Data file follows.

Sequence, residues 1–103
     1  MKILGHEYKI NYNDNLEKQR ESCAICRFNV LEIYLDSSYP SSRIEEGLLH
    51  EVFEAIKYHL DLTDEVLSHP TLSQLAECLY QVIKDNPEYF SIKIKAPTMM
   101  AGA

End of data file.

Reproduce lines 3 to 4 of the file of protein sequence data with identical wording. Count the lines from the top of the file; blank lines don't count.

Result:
    51  EVFEAIKYHL DLTDEVLSHP TLSQLAECLY QVIKDNPEYF SIKIKAPTMM
   101  AGA